Tracey was also absentmindedly playing with her long, wavy hair, recently re-dyed red to enhance her Scarlet Witch costume. Unlike Pamela, who always seemed to cosplay as characters whose hair was similar to her own, Tracey had frequently changed her hair depending on who she would be cosplaying as for the season. Her hair had been almost every color under the rainbow, and she had changed the style often enough. Still, she wasn’t ever able to cut her hair shorter than bra-length, so there were no short-haired heroines in her cosplay closet. Could she, she wondered, do it now? There was something kind of exciting about the idea.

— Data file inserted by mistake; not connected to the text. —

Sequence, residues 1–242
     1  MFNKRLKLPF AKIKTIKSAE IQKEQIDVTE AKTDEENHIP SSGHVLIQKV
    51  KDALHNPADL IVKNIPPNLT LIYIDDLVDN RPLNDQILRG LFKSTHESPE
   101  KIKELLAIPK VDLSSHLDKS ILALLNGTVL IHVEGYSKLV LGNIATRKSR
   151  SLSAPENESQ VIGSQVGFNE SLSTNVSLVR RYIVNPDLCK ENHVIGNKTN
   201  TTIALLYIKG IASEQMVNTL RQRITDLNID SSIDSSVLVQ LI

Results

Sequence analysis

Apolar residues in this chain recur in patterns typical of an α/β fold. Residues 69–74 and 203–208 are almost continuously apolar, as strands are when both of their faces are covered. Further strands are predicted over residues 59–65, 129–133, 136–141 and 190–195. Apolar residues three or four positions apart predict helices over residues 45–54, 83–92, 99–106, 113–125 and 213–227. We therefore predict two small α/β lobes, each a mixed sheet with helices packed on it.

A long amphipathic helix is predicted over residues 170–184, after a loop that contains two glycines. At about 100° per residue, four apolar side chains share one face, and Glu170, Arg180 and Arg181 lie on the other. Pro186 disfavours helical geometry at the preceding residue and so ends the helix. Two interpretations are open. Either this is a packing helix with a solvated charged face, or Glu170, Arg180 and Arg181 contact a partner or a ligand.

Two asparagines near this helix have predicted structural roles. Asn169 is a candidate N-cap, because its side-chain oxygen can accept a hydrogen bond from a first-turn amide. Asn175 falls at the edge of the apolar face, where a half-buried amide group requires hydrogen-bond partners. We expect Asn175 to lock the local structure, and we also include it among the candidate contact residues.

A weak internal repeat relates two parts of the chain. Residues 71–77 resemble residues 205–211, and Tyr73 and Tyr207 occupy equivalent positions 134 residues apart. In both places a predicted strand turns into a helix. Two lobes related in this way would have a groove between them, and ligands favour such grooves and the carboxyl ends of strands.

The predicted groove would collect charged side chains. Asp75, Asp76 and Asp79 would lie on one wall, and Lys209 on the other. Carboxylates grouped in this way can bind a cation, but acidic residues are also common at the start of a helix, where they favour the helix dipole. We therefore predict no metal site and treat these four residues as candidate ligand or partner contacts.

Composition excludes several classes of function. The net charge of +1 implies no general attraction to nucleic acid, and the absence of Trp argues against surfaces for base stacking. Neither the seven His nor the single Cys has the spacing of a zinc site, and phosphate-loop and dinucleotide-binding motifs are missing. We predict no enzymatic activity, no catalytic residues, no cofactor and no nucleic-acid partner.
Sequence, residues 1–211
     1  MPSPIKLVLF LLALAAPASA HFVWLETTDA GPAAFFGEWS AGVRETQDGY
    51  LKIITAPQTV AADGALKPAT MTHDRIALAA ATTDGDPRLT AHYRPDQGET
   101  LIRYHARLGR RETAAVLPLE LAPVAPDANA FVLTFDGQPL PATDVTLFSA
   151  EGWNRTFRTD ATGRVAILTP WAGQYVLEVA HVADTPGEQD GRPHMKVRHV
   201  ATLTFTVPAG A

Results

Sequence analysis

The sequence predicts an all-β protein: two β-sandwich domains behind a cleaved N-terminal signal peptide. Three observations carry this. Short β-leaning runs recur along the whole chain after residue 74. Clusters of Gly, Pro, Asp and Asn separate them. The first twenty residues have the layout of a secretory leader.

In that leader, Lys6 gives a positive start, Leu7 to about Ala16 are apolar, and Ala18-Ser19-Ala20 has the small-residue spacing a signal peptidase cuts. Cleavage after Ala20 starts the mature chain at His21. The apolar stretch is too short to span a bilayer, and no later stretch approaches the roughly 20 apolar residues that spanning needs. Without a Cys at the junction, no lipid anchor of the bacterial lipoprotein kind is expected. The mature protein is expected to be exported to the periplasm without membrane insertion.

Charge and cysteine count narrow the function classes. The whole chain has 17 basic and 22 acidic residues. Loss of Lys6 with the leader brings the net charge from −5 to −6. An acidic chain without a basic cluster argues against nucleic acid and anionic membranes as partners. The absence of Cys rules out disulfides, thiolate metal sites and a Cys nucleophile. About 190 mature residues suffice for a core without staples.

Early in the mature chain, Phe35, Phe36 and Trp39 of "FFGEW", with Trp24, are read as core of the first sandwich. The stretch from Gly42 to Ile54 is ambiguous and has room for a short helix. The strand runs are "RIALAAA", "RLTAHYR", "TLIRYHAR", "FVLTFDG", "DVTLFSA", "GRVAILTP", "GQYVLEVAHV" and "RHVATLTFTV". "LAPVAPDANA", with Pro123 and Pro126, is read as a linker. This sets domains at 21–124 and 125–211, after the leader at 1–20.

On Tracey’s computer monitor, Ann Lim was reiterating many of the points Liz had made in her video earlier in the evening. But Liz’s feed had been private, to advanced-registrants only. Ann was doing her video on Instagram Live. It sounded from what Ann was saying that this was all part of the plan: Liz would announce the campaign to the most engaged women and femmes in the community, and then Ann would use her larger platform to take the initiative public.